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Yesterday we had this specific example of the user where they came into the site, posted five (or so) questions some of them plagiarised and deleted, some of them marked as duplicate, and others closed for other reasons. The only question leftover is actually plagiarised, marked not so only for technical reasons.

This attracts bad content and sets bad precedence. How do we handle such users? If we don't do anything about it, it won't be long before we would just be copies of cheap riddle sites.

Can we not plain delete such users? I'm not sure if SE has a policy on unregistered users.

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  • $\begingroup$ In case if the downvote is for a reason that I need to know feel free to post, if its just an angry reaction I dont mind another 10 of them without comments as it is supposed to make a few people angry $\endgroup$
    – skv
    Nov 14 '14 at 4:02
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Quality is a serious issue. Addressing the quality of our questions and answers is, I'd argue, the primary issue for our site right now.

However, unregistered users may not be the right place to look. What does it for a user to be unregistered? All it means is that that user has no OpenID associated with their account. This doesn't mean their posts will necessarily be of low quality.

In the case of this particular user, I'll grant that their contributions haven't been the best so far, but it's our job to nudge them in the right direction. Account removal is reserved for very serious and specific issues that cannot possibly be addressed in any other way. Users who are here in good faith aren't going to have their accounts vanish suddenly (imagine the situation in reverse).

So, the question is, how do we manage this content? And it does come back to community moderation. Moderators are here as exception-handlers; when things aren't going the way they should, and someone needs to step in to nudge it back in the right direction. We're not here to monitor voting on questions and to close them, except occasionally.

You all, the users of this site, have two tools: voting, and close votes. Use them. I'll take as an example this question, which had, for seven hours, this comment:

There is a way too many correct answers to this one unless the person who wrote it wont accept anything that would obviously work.

It had four upvotes when I closed the question. There were only two close votes on the question itself. This meant that there was clear consensus people thought the question should be closed, but only two people actually decided to take action about it. The question still sits at +7/-4.

Here's another question that has 23 answers, isn't well-defined, and still only has three close votes. In my opinion, this should be absolutely closed, but it hasn't been. I am honestly not sure why.

When you see a bad question, or a bad answer, downvote it. Our sitewide upvote/downvote ratios are terrible right now. We're not using our downvotes. Start using 'em. They're good for the site.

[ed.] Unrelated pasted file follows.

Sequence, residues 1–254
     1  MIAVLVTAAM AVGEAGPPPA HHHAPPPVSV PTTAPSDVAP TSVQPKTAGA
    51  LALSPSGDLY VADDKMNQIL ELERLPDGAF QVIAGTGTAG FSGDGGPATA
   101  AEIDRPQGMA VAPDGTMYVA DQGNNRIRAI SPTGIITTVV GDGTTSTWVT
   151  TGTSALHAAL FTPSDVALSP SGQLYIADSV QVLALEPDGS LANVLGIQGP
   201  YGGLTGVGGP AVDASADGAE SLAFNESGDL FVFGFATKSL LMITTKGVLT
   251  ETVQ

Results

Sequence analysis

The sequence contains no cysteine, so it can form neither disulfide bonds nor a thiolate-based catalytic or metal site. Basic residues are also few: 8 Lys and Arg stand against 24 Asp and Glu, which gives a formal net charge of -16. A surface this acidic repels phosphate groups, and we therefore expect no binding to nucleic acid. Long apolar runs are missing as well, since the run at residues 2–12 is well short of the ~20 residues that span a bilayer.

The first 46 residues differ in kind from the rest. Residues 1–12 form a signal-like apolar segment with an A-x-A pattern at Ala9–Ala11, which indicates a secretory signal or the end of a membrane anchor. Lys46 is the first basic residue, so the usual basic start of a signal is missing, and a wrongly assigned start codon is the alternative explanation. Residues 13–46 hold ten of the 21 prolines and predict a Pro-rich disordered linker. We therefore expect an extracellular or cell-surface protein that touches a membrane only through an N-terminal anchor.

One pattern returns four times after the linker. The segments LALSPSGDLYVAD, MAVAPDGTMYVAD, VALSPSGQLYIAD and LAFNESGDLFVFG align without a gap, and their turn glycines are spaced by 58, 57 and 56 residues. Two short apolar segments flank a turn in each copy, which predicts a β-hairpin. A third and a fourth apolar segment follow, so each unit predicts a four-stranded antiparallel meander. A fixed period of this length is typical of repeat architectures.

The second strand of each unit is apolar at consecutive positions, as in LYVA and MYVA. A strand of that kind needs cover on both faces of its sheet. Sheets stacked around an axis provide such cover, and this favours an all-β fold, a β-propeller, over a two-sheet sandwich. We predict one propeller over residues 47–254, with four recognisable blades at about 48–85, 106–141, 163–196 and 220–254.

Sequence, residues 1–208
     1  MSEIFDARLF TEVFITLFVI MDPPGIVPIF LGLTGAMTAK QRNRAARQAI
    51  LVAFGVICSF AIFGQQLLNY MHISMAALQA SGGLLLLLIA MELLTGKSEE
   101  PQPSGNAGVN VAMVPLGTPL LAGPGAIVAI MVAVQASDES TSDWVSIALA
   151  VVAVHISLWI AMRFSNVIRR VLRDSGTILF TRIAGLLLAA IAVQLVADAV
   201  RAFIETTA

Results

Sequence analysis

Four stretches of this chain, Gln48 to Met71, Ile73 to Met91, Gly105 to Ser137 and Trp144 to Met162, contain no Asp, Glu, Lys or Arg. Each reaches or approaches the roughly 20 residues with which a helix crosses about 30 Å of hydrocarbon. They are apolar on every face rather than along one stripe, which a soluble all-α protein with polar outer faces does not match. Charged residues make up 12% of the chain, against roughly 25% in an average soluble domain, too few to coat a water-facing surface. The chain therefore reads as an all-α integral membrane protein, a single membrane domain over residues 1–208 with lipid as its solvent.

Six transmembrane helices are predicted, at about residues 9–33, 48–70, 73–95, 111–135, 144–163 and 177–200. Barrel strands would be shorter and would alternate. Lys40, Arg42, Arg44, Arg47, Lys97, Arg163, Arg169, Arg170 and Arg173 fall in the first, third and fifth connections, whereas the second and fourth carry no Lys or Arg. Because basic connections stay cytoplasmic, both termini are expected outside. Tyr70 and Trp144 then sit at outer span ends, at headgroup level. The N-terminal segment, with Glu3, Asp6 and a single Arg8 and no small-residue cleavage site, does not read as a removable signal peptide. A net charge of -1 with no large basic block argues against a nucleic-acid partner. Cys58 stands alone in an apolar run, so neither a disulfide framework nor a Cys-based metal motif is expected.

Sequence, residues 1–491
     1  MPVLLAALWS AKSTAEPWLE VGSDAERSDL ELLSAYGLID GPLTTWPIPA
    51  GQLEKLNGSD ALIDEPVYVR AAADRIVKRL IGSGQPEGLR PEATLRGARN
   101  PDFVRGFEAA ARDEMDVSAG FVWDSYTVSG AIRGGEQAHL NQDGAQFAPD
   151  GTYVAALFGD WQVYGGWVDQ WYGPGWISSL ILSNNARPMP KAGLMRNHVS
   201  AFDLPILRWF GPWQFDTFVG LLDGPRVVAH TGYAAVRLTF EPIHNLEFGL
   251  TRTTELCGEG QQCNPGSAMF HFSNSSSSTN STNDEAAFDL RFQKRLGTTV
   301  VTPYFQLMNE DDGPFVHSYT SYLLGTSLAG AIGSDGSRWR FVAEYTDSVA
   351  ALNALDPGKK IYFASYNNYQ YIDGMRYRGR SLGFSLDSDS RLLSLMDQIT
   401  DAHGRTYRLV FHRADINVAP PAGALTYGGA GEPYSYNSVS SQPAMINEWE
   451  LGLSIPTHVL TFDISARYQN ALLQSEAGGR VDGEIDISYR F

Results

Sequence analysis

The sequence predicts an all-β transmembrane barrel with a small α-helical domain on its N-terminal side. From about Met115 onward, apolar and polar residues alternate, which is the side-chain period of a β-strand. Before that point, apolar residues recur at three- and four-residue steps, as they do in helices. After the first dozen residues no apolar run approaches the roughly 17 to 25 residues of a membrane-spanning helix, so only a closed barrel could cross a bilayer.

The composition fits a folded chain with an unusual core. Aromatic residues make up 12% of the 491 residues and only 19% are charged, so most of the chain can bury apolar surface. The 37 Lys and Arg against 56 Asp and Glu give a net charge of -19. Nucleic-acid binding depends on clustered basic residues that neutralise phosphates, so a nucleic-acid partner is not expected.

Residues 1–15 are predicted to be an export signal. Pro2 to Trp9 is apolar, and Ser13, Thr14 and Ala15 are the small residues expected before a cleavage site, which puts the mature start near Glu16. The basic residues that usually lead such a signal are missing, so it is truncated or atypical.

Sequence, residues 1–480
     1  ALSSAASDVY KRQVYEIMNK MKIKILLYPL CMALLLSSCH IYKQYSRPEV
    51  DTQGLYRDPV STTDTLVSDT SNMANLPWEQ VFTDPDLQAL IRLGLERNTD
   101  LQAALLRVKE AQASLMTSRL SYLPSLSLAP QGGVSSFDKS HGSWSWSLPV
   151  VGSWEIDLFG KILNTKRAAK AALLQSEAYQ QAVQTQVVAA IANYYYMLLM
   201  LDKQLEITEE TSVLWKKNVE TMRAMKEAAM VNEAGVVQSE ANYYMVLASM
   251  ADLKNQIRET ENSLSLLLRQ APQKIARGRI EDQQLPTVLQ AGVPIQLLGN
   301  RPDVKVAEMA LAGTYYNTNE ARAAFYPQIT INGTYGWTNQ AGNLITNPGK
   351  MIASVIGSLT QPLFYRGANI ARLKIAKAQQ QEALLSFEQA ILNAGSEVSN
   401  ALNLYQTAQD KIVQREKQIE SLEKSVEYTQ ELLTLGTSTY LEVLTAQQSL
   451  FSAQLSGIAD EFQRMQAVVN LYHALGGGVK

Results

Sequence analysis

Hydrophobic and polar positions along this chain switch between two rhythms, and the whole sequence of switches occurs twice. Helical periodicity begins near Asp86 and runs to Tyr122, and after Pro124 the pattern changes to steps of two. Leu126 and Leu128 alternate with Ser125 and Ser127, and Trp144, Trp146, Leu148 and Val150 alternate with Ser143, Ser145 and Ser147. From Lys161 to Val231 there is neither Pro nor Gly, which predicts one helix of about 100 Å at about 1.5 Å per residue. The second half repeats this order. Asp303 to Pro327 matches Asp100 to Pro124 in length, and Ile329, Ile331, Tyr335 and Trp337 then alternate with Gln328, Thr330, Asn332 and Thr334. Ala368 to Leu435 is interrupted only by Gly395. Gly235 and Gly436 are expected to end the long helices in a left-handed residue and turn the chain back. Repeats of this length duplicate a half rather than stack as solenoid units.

These are the primary tools we use to guide new users. We're not going to delete them when it's clear they're here in good faith and mean well to the community. Instead, we set a precedent that we don't like this content by voting it down and voting to close it where applicable. Both the good and the bad are helpful in narrowing our site scope.

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  • $\begingroup$ The reason I chose to specifically highlight unregistered users is because they havent shown commitment to even register with a password, they can just show a name and email that does not exist, they are just as long lasting as a cookie $\endgroup$
    – skv
    Nov 14 '14 at 5:13
  • $\begingroup$ Your answer in spirit answers my question but I think not many people probably realise that downvoting on a question does not give them negative reputation and hence probably feel it would be ok to comment, but not downvote $\endgroup$
    – skv
    Nov 14 '14 at 5:14
  • $\begingroup$ @skv Well, if that's true, it's our job to make people more aware of the tools at their disposal! $\endgroup$
    – user20
    Nov 14 '14 at 5:28
  • $\begingroup$ I have removed the "accept" because I realise that nudging wont work by a user who himself or herself cannot change the content they posted in case of unregistered users once the cookie is lost, it would be orphaned $\endgroup$
    – skv
    Nov 14 '14 at 5:41
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    $\begingroup$ I suppose I'll do my part and downvote those questions that I'd just been ignoring up to this point. $\endgroup$
    – user88
    Nov 16 '14 at 22:01
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Stack Exchange obviously has a policy on unregistered users: they're allowed to post. If they weren't, the whole unregistered account feature wouldn't exist. Unregistered accounts have a lot of restrictions (they can't even vote) and are cumbersome, but they're kept around to allow participation with a minimum of friction.

A few of the larger-volume sites prevent unregistered accounts from asking questions (they can still answer and edit). That's only been done on some of the largest site, and it doesn't seem to have made a lot of difference.

We do need to take action against bad users and bad posts. The fact that users may or may not be registered doesn't particularly matter.

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  • $\begingroup$ The only reason for me to single out unregistered users is that the regular community actions such as downvotes, cajoling etc won't work with them, but I agree with you that quality is important, registered or otherwise $\endgroup$
    – skv
    Nov 16 '14 at 14:25

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